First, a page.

WARNING: The following article contains spoilers for The Umbrella Academy Season 1, streaming now on Netflix.
The upcoming X-Men sequel Dark Phoenix is viewed as a way to finally make amends for 2006's The Last Stand, which shoe-horned the seminal Marvel Comics storyline, about the rise, corruption and ultimate fall of Jean Grey, into a muddled subplot. But less than four months ahead of its premiere, the Fox film has been beaten to the punch by Netflix's The Umbrella Academy, which tells its own, thoroughly satisfying, version of "The Dark Phoenix Saga" in its first season.
To be fair, the Dark Horse comic by Gerard Way and Gabriel Ba on which the series is based wears its influences on its sleeve, blending two-parts X-Men and one-part Doom Patrol to create the tale of a dysfunctional family of superheroes reunited by the death of their adoptive father (Sir Reginald Hargreeves is a colder, and crueler, Professor X), and by the impending end of the world. The Netflix drama isn't merely a live-action translation of the source material, of course, but rather a remix that follows the overarching plot of the 2007 miniseries The Umbrella Academy: Apocalypse Suite, while drawing in characters and threads from its 2008 sequel Dallas (time-traveling assassins Hazel and Cha-Cha, for starters).
Just as in "Apocalypse Suite," the emotional core, and eventual overriding threat, of Season 1 is Vanya Hargreeves, who spent her life believing she was ordinary, and therefore less than her extraordinary siblings, only to discover the truth about her unhappy childhood and unlock her own terrible powers.
Those even passingly familiar with "The Dark Phoenix Saga" will undoubtedly recognize broad similarities to the 1980 X-Men storyline by Chris Claremont and John Byrne, which exerts influence over the franchise nearly four decades later. Oh, Jean Grey was never mistreated by her father figure (manipulated, maybe) nor led to think she's "average," but there are unmistakable parallels between her journey to become Phoenix and then Dark Phoenix, and Vanya's path to embracing her potential as The White Violin.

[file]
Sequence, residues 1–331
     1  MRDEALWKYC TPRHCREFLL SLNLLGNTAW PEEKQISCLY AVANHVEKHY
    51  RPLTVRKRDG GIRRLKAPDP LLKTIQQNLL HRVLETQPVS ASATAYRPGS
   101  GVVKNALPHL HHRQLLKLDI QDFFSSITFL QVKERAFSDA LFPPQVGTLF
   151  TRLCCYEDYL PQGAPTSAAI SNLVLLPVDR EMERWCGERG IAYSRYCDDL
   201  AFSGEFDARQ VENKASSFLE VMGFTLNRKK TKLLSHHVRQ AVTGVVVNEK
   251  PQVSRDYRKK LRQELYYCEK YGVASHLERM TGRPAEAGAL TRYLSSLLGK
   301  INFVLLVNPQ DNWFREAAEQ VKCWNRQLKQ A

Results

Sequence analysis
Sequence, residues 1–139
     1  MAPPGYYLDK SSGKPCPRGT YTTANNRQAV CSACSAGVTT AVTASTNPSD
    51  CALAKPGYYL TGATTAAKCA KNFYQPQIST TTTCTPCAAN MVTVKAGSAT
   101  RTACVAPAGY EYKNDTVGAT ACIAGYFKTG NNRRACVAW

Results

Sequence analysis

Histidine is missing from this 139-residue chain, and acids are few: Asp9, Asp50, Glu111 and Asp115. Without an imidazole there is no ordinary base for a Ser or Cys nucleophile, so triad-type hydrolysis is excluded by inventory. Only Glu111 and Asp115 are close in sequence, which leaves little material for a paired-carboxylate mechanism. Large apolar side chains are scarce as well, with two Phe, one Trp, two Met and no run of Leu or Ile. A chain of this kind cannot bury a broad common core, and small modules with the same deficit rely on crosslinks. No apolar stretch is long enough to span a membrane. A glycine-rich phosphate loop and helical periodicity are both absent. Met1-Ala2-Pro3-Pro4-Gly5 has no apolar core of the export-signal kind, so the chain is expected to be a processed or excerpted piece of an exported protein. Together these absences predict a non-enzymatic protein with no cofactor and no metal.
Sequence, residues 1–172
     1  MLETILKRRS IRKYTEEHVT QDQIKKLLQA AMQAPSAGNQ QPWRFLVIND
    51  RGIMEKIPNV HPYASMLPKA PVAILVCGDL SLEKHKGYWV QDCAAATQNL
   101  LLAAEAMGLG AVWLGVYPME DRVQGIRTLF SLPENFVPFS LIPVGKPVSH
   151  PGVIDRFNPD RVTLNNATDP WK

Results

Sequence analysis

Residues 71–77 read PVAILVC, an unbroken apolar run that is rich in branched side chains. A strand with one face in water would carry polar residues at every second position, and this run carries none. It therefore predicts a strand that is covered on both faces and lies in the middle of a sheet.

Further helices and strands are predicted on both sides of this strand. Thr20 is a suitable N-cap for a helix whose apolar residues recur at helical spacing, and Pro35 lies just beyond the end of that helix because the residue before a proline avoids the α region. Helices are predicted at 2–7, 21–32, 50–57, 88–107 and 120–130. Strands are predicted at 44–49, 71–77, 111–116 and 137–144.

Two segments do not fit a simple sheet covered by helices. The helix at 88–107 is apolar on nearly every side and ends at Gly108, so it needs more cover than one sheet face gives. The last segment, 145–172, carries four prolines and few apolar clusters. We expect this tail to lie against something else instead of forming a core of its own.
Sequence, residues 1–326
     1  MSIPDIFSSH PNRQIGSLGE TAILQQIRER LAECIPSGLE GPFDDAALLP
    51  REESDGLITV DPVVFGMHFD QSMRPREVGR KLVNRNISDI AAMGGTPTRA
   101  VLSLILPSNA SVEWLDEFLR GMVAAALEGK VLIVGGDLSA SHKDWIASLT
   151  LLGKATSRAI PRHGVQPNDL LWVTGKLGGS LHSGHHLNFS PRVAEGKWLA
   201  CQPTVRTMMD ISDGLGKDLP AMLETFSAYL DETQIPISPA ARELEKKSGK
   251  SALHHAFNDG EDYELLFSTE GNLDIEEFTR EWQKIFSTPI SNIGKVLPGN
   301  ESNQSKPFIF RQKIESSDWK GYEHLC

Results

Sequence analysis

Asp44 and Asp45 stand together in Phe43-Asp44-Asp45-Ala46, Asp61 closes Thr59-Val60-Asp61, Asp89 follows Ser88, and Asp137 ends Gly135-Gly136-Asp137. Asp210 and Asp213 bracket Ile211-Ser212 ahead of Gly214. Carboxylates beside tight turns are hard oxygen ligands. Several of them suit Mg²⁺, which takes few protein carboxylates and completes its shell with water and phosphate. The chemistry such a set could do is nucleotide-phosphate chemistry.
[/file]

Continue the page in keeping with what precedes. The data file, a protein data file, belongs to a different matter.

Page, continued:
The Phoenix arc actually begins in 1977, with The Uncanny X-Men #101, in which Jean is exposed to radiation from a solar flare as she pilots the team in a space shuttle back to Earth. The spacecraft skids off the runway and into the water, from which Jean emerges as Phoenix, later revealed to be the vessel for a cosmic entity of unbelievable power. Bonded with the Phoenix Force, Jean's already-formidable mutant with telepathic and telekinetic abilities are amplified to a cosmic scale.
Because of, and perhaps despite, her power upgrade, Jean is targeted by the villainous telepathic Mastermind, who uses his own mutant ability to seduce her and project illusions into her mind, which leads to the corruption of Phoenix. Eventually breaking down the mental barriers she had constructed, and tapping into her full potential, Jean embraces the identity of Dark Phoenix, exacts revenge on Mastermind, overwhelms the X-Men, and leaves Earth for deep space.
On The Umbrella Academy, it's Luther Hargreeves (Tom Hopper) and not Vanya (Ellen Page), who spent time in space. Her origin is far more grounded, and more heartbreaking. All but ignored by her adoptive father and excluded from the activities of the Umbrella Academy, the team of celebrated child superheroes, Vanya grew up isolated and lonely. The author of a poorly received tell-all memoir that only further ostracized her from her family, Vanya became an anxiety medication-popping concert violinist who lacks the confidence to move her from third chair to first, or even pursue relationships.
That's where Leonard Peabody (John Magaro) comes in. We can think of him as the Mastermind of the Netflix series, although he also replaces the demonic Conductor of the source material, who is rather two-dimensional. Socially awkward but likable enough, he displays a nebbish facade that barely hides his more sinister motives. Seemingly crossing paths with Vanya by chance, when he seeks violin lessons, Leonard is soon revealed as a master manipulator whose childhood worship of the Umbrella Academy (a fantasy that provided escape from an abusive father) was transformed into hatred by a public humiliation.